**These are probably the first plans of experiments. Its history dates back to the eighteenth century by the Swiss mathematician Euler and we meet him in the games of SUDOKU.**

## Introduction

These are probably the first plans of experiments. Its history dates back to the XVIII^{} century by the Swiss mathematician Euler and the problem of the ” *36 officers *“. We all know this type of plan: they are the basis of SUDOKU. Popularized since the middle of the year 1980 by the Japanese, the term SUDOKU is the contraction of the Japanese SUji wa DOKUshin ni Kaguri数字は独身に限る, which can be translated as *“digits can appear* only once”.

In statistics, this type of plan was used in the early twentieth century^{} by **Fisher** to study agricultural productivity issues.

## The principle

This is ultimately a **fractional experience plan**. They have the advantage of being the most ” *logical* “, and for this reason, statisticians appreciate it very much. They are based on the principle of permutation. The rule is as follows:

**In each row and column of a square, the rule requires that each element appear only once and once.**

From here we find the so-called Greco-Latin plans where for each element ” *Latin* ” We find another level possible. At the outset, Euler’s interest in logic was to study the possible combinations of N (Latin) letters to which he associated another (Greek) letter.

In the following representation:

- The vertical axis of the square represents a factor: for example the parcels of a field.
- The horizontal axis of the square is another factor: for example, the weather if we admit that it can have an effect on the growth of our corn and the fact that the weather is different depending on the terrain.
- The letters: they represent another factor. For example the type of fertilizer that will be used.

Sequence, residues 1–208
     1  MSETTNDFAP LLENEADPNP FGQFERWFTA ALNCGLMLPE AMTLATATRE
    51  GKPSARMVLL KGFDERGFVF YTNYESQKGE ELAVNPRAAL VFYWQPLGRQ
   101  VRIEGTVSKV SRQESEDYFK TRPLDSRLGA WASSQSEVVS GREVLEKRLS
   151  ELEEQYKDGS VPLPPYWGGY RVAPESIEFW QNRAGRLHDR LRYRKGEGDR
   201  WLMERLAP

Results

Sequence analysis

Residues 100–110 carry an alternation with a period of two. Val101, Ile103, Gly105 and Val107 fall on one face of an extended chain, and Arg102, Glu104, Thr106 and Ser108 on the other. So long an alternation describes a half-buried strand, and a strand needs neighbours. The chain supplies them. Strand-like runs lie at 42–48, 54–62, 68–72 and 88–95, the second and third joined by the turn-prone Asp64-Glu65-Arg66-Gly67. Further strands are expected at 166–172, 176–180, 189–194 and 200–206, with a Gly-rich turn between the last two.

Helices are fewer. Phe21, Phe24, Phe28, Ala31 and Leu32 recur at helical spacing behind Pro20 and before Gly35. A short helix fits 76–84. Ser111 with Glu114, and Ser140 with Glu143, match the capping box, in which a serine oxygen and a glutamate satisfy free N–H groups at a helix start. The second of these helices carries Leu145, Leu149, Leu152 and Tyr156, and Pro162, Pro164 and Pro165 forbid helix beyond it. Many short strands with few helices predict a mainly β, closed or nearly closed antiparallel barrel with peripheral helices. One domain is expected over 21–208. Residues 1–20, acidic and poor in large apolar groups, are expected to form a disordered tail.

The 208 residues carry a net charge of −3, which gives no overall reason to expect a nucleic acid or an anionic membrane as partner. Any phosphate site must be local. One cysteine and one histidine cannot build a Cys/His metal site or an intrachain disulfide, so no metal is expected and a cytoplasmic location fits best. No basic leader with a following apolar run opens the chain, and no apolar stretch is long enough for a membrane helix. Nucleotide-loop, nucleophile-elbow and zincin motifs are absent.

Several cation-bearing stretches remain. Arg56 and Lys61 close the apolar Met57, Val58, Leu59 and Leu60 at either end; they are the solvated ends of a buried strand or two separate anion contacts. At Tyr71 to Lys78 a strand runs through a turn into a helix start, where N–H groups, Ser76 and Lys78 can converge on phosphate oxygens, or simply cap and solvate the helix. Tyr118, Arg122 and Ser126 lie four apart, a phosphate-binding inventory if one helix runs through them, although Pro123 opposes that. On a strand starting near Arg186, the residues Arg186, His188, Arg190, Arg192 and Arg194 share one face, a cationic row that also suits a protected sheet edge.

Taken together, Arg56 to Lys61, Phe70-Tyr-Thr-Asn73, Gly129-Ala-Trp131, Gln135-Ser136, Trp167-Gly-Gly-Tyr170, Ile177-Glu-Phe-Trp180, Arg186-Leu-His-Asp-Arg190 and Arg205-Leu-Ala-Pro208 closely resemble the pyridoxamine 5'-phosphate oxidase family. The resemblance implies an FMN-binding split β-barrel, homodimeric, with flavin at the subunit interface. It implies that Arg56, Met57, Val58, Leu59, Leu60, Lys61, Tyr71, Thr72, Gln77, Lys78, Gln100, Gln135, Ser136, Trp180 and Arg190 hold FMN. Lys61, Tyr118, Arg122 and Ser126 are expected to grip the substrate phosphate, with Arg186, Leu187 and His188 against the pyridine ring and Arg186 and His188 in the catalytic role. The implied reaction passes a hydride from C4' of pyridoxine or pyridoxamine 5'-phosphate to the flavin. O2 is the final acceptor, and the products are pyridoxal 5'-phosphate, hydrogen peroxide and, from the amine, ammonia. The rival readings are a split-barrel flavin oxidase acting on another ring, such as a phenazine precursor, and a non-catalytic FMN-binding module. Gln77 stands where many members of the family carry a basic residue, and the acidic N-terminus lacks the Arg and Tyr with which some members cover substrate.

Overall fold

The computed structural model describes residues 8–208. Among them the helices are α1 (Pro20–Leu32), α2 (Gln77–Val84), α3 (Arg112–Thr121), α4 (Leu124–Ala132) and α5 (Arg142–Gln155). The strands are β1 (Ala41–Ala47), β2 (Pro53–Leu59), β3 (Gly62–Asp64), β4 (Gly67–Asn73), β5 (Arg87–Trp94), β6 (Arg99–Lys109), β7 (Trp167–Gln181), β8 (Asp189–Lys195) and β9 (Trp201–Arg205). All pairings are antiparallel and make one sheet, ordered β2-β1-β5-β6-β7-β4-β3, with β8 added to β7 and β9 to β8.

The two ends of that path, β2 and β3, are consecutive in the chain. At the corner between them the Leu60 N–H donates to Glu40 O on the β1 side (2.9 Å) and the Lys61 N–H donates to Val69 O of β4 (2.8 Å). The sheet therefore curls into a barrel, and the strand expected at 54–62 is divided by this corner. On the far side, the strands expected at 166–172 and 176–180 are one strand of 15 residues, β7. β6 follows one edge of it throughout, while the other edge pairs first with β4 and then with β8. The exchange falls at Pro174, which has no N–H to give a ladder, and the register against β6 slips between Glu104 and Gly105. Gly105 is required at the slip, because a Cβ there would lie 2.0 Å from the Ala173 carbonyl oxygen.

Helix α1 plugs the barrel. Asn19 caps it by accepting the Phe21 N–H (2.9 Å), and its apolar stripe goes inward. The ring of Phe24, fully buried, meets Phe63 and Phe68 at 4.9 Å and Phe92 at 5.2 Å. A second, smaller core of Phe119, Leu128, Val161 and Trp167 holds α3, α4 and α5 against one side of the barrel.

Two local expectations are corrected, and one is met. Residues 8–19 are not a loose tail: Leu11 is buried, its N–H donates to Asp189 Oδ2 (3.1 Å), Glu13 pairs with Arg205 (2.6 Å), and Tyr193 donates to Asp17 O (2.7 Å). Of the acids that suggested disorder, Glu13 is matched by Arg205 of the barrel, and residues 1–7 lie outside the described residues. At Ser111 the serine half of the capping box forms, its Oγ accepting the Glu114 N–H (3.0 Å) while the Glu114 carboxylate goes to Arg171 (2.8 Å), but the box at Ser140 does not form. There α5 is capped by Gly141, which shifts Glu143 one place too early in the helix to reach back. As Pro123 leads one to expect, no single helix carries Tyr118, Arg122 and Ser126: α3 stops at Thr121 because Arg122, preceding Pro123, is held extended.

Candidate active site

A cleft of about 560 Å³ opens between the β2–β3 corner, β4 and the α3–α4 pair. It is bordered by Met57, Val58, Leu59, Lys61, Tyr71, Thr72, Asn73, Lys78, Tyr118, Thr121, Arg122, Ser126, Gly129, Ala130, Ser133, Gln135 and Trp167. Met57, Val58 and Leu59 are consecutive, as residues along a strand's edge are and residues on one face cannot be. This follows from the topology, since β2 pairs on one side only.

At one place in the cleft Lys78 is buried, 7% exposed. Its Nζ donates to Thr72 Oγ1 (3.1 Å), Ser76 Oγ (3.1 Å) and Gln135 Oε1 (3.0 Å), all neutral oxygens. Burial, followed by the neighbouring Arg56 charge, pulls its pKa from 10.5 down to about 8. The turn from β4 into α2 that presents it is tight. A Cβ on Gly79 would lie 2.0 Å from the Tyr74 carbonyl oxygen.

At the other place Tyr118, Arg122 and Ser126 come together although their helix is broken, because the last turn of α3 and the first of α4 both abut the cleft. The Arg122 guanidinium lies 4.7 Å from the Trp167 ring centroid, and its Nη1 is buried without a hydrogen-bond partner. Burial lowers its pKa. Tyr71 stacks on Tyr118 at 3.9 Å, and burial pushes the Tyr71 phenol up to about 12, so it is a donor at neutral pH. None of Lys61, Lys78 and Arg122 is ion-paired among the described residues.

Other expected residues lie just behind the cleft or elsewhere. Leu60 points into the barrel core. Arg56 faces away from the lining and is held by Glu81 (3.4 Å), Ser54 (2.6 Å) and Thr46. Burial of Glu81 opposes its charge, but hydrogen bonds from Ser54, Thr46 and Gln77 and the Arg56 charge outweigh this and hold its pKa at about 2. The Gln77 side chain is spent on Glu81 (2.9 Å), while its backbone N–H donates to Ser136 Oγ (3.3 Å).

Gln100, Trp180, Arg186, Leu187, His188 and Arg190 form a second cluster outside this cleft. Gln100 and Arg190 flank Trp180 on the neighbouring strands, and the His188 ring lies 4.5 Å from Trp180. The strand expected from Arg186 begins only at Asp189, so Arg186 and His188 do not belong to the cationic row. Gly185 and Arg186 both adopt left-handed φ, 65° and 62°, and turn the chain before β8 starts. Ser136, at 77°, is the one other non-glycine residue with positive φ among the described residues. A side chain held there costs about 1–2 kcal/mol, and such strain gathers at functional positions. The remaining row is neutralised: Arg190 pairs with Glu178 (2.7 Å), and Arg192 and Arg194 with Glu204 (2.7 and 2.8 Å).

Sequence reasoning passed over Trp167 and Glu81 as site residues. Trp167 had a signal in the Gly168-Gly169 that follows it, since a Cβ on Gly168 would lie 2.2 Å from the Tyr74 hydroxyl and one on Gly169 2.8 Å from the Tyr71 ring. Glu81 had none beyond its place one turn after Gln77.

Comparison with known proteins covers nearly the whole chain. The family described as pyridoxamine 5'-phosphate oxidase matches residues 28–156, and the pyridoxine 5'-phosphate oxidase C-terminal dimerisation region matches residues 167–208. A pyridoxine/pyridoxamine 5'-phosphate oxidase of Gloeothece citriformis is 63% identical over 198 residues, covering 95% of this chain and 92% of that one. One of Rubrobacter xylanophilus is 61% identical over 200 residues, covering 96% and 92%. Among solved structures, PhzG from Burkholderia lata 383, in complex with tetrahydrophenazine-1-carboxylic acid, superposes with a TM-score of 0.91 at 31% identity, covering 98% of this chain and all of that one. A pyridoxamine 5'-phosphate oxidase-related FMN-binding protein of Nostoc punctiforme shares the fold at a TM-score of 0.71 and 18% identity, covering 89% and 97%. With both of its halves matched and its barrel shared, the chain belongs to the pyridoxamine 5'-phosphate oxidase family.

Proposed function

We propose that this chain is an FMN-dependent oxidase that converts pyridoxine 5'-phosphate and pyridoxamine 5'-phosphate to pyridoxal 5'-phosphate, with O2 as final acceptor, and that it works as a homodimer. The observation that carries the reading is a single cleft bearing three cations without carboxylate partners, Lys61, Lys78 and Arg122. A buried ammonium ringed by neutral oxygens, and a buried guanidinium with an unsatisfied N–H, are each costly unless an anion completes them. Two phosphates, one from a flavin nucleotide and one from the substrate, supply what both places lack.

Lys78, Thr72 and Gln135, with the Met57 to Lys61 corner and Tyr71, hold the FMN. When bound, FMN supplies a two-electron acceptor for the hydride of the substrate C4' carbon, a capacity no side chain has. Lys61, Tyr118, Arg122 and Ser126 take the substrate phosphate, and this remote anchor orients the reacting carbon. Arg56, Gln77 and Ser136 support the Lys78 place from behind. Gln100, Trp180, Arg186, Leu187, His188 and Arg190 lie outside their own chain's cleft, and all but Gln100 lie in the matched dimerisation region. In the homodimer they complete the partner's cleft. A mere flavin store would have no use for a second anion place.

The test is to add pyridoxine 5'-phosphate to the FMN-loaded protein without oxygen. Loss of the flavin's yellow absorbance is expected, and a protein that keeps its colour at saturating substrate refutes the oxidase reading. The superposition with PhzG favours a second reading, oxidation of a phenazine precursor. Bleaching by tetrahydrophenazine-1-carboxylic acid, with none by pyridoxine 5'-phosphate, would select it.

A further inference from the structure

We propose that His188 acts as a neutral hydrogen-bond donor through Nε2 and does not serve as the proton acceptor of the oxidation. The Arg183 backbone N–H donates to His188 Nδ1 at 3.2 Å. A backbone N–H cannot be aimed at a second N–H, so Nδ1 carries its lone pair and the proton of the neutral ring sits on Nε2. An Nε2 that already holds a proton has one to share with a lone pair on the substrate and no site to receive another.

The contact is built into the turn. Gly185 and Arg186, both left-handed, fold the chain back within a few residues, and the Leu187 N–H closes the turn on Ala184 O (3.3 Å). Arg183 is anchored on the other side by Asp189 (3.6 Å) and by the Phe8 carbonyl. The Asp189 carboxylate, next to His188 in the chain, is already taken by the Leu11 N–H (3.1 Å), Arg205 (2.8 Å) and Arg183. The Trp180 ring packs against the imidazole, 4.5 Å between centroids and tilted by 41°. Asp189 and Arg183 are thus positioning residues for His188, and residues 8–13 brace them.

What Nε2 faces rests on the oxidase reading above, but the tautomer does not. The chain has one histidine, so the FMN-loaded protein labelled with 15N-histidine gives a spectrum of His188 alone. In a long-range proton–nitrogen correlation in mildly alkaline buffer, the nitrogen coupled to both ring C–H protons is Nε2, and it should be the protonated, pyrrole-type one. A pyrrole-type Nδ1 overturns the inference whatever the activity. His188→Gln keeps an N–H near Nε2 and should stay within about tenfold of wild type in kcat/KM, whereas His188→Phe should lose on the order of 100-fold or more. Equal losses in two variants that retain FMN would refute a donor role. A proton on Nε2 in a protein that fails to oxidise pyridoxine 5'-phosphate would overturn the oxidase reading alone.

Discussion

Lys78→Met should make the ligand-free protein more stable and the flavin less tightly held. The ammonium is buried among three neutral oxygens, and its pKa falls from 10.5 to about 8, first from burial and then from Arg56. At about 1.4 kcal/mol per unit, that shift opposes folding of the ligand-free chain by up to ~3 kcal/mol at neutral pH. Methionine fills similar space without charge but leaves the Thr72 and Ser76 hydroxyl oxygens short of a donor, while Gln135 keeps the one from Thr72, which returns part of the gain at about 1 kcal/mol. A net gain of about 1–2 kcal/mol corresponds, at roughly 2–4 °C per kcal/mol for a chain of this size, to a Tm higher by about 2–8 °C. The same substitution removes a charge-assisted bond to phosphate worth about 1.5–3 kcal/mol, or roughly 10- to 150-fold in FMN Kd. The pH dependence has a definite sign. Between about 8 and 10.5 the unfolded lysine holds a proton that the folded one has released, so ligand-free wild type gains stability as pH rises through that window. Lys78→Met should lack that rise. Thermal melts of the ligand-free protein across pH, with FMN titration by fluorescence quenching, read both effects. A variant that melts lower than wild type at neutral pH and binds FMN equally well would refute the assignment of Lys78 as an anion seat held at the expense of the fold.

- For the Greco Latin square, the Latin letters represent the levels of another factor that may be the type of maize.

**Example of a Latin square plan**

**Example of a Greco-Latin plan**

#### EULER and the 36 officers

Euler produces various methods to construct plans of this type odd, even, multiple of 6, of 4… During this research, he noticed that some types of plans were not solvable. It illustrates this through the famous problem of the 36 officers:

*“36 officers of six different ranks and drawn from six different regiments, to be stowed in a square, so that on each horizontal and vertical line there were six officers with a different rank and regiment.”*

It will be that much later, in 1901, that the French Tarry demonstrated why no square Greco Latin of order 6 is possible.

## 1-Choice of factors

The first step is to choose the factors that we want to study and their respective levels. If we want to study three factors, we’ll choose a Latin square plan, if we want to study 4, we’ll take a Greco Latin plan.

Despite their name, we do not have to build ” *squares *“. Indeed, the notion of square dictates that each factor studied has a number of equal level. But in fact, we can quite have a number of different levels between factor.

## 2-Construction of a Latin or Greco-Latin square plan

For example, we want to study three factors. For simplicity, our three factors each have three levels. If we wanted to do all the experiments, we would have to carry out 27 experiments. The Latin square plan makes it possible to make only 9.

For this, we represent in the first time our experimental field in the following way:

Factor 2 may have levels I, II and III

Factor 3 can have levels A, B and C

### 2.1 – Choice of starting point

Our first step is to choose our first experience. There is not really a rule, but most generally we will choose an experience that we know is significant.

For our example, we will choose the position C, II, b

### 2-2-choice of the N + 1 point

The following experiments are chosen according to the initial rule:

**In each row and column of a square, the rule requires that each element appear only once and once.**

In concrete terms, by taking our example, this means that my next point cannot be position II for factor 2 and B for factor 3. So we will choose for example C, I, C

### 2.3 – Finishing the plan

Continuing like this, we realize that by respecting the rule, we get 9 maximum points, which will represent our 9 experiences. In our example, we’ll have:

- C, II, b
- C, I, C
- C, III, a
- b, I, b
- B, II, a
- B, III, C
- A, I, a
- A, II, C,
- A, III, b

By following this rule of construction, we will be able to build plans with experimental domains that are not cubic but parallelepipedic.

## 3 – Significance analysis

Once the experiments are done, we will calculate the influence of our factors and then the significance in:

**for a Latin square:**use a 3-factor Anova**for a Greco-Latin square:**use a 4-factor Anova